by / August 26th, 2011 /

Top Story: State’s Office Stereo – Summer Sounds

A regular feature in which our writers and photographers share their favourite tracks. Here’s our pick of summer tunes.

John Talabot featuring Glasser – ‘Families’ (chosen by Daniel Harrison)

In a perfect world, this would be the soundtrack to summer 2011, and not M****n 5 or whatever muck is infecting the airwaves. Talabot is a publicity-shy producer from Barcelona that has released a string of superb 12″s and remixes over the last couple of years. He collaborates regularly with fellow locals Delorean (who have themselves proven to be adept at capturing blissful Balearic vibes), and both acts are good friends with Glasser, who contributes vocals to this utterly infectious track.

JOHN TALABOT / Families (Ft Glasser) by Young Turks


Mad Season – ‘Long Gone Day’ (Chosen by Lisa Hughes)

Everyone has a summer to remember, maybe for good reasons, maybe for bad. Maybe for absolute madness, the best laugh you ever had or maybe for heartbreak. This is a tune for every one of those summers. Plucked from the superb Above, the sole album by Layne Staley’s criminally underrated side project Mad Season, ‘Long Gone Day’ is an exception to the notion Staley’s vocals or general demeanour might not exactly be sunny summer listening. A deceptively upbeat fusion of grunge and jazz, this track sees Staley’s distinctive vocals dance around the husky tones of Mark Lanegan and, with lyrics like “whoever said we washed away with the rain?” leaves a bittersweet taste. Lines like “Am I the only one who remembers that summer?” paint a picture of that hazy nostalgia for summers gone by which we all know so well. Gives me goosebumps. Every single time.


Vampire Weekend – ‘Cape Cod Kwassa Kwassa’ (chosen by Michelle Bond Dolan)

The debut self-titled album from Vampire Weekend sound-tracked my summer in 2008, with ‘Cape Cod Kwassa Kwassa’ being the clear highlight. The lyrics conjure up images of rich frat pack American kids from a Brett Easton Ellis novel living an indulgent life in Cape Cod for the summer (“as a young girl, Louis Vuitton” or “to see the dawn of the colours of Benneton?”). The Paul Simon Graceland influence transports you back to the 80’s and the video directed by Richard Ayoade of ‘The IT Crowd’ creates that world. A fun indie pop tune.


Stereolab – ‘Ping Pong’ (chosen by Shane Galvin)

It may not have the word ‘summer’ in the title but it has the essence of pure summer euphoria radiating from every note. And in many ways, ‘Ping Pong” s analysis of economic trends makes for the most apt summer song for these times: “It’s alright ‘cos the historical pattern has shown how the economical cycle tends to revolve…a slump and war then peel back to square one and back for more”. So, as we lick our ice-creams and forget our money worries, it’s worth remembering that all we require for a full economic recovery is a war. Isn’t life tremendous?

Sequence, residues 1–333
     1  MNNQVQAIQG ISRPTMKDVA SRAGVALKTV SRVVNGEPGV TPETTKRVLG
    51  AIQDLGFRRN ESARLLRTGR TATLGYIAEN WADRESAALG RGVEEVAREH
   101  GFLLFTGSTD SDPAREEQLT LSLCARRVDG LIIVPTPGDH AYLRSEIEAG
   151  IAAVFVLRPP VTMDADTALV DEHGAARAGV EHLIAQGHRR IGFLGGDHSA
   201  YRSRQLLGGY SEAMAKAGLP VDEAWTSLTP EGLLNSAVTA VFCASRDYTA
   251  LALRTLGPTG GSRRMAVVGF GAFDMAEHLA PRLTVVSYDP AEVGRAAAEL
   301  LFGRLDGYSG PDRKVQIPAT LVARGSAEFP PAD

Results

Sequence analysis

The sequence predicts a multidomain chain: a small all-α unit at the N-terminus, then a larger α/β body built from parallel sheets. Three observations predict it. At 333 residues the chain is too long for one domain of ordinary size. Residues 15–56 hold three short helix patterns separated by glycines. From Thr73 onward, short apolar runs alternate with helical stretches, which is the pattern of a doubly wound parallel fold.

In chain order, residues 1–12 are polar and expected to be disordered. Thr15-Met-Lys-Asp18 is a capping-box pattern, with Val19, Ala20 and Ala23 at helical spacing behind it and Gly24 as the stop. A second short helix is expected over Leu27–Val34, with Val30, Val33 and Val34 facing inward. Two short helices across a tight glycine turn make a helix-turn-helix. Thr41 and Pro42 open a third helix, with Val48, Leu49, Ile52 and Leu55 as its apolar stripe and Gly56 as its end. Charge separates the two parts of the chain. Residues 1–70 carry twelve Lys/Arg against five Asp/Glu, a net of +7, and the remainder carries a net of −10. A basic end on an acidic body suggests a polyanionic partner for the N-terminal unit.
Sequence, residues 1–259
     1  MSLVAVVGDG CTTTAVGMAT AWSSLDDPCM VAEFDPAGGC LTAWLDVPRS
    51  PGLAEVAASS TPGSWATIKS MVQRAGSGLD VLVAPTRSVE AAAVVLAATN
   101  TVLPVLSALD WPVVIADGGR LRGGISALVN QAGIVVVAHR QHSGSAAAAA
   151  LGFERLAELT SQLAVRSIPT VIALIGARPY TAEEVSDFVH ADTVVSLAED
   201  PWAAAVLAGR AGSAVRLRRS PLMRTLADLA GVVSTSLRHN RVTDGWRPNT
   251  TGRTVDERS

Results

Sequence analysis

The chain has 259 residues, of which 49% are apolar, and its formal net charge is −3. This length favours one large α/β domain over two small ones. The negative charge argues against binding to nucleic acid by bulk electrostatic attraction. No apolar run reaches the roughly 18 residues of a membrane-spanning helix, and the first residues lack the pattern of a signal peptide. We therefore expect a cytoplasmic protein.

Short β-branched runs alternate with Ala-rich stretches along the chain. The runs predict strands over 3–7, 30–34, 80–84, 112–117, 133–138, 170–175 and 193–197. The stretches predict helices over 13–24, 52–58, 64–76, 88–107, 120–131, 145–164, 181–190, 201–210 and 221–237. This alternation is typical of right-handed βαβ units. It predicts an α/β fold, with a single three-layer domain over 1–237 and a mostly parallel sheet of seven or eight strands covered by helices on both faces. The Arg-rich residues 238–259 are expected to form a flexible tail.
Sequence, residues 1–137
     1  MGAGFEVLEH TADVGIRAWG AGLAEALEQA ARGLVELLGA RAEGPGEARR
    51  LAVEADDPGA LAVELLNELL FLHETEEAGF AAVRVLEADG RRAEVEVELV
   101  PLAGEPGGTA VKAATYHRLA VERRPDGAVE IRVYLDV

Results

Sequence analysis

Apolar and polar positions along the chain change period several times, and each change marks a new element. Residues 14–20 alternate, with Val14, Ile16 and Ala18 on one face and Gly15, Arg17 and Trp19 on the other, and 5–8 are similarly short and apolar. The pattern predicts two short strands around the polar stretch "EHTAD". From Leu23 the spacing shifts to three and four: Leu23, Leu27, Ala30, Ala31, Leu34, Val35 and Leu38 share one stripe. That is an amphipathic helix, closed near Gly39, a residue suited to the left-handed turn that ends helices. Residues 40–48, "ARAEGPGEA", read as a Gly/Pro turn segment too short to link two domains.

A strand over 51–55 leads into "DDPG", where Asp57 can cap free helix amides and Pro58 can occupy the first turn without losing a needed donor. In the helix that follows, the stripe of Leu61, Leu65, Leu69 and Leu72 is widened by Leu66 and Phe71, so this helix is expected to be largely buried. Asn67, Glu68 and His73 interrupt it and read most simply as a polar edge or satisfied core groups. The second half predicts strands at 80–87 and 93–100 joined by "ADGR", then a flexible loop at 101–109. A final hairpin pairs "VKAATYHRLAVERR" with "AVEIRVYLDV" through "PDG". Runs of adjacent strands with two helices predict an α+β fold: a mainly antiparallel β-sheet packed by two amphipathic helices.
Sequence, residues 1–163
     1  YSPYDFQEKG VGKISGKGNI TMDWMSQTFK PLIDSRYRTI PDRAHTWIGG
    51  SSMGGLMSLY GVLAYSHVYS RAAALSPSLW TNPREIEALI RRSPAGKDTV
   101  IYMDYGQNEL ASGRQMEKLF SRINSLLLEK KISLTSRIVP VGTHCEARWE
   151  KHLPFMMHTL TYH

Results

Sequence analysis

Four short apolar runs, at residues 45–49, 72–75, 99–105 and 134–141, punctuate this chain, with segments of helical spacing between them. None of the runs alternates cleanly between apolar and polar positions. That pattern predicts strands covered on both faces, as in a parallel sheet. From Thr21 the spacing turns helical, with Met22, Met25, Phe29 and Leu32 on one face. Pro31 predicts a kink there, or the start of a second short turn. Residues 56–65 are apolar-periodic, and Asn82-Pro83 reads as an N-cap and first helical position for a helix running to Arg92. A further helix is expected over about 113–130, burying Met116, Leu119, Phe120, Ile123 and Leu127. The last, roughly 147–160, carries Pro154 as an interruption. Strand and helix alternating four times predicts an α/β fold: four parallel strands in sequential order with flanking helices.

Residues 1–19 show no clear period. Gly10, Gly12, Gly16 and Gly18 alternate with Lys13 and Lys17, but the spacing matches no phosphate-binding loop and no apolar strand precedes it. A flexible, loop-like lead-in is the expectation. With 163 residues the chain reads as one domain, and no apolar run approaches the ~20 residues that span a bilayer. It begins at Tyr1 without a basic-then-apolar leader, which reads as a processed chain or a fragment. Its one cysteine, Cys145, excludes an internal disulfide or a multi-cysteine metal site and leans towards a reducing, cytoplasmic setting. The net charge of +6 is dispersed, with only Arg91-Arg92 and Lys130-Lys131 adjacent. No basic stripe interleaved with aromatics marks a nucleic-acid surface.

Fennesz – ‘Endless Summer’ (chosen by Darragh McCausland)

A key lesson from abstract art is that it sometimes takes a representation other than literal to capture the essence of something. This is true of the electronic composer Christian Fennesz’s concept album Endless Summer which utilises heavily treated and reconfigured acoustic music to evoke a sense of the season that is almost painful in its purity. The album’s title track is based around a simple guitar figure that crystallizes and melts in a thick buzzing mix of glitches,static, insect-like feedback and soft purring drones. It is the musical equivalent of abstract expressionism, a less-than-obvious representation that somehow nails the essence of summer better than a binful of Beach Boys tracks could.


A Tribe Called Quest – ‘Steve Biko (Stir it Up)’ (Chosen by Niall Byrne)

You could pretty much pick any track from Tribe’s 1993 album Midnight Marauders (or 1991’s The Low End Theory for that matter) and it would define summer for me. But the opening brass parps of ‘Steve Biko (Stir It Up)’ the subsequent beat drop combined with Phife Dogg’s “represent, represent” repetition and the “my favourite jam back in the day was Eric B. for President” line heralds the sunshine, the good times and the rhymes. In between the nod to Steve Biko, a South African anti-apartheid activist, Q-Tip and Phife go to town on some playful, eloquent wordplay. “Funky like your grandpas drawers, dont test me”.


Britt Ekland – ‘Willow’s Song’ (chosen by Dara Higgins)

It’s May on Summer Isle, and nobody is getting any sleep. Sultry, languid air outside the innhouse, and inside Willow, a local nymph has poor old goody-two-shoes Sergeant Edward Woodward is in a right old lather, a-tapping on wall and beguiling him with song (and he can’t even see her accompanying dance, the traditional “naked-wall-slap” beloved of nubile islanders). Willow’s voice couldn’t really do opera, but whoever is singing (there’s some disagreement, but it’s not Britt, who’s dubbed throughout the film) she keeps the lines vague and ephemeral, almost somnambulant, carrying the lilting, haunting melody in a way Enya, lets say, just couldn’t.